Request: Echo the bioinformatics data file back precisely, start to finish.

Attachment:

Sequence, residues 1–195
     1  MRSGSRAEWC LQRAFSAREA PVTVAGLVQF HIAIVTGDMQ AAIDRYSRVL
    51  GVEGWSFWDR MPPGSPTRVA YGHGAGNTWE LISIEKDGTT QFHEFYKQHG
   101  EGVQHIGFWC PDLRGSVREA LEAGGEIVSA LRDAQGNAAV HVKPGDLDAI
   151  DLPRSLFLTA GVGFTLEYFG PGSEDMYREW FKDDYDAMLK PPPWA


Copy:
Sequence, residues 1–195
     1  MRSGSRAEWC LQRAFSAREA PVTVAGLVQF HIAIVTGDMQ AAIDRYSRVL
    51  GVEGWSFWDR MPPGSPTRVA YGHGAGNTWE LISIEKDGTT QFHEFYKQHG
   101  EGVQHIGFWC PDLRGSVREA LEAGGEIVSA LRDAQGNAAV HVKPGDLDAI
   151  DLPRSLFLTA GVGFTLEYFG PGSEDMYREW FKDDYDAMLK PPPWA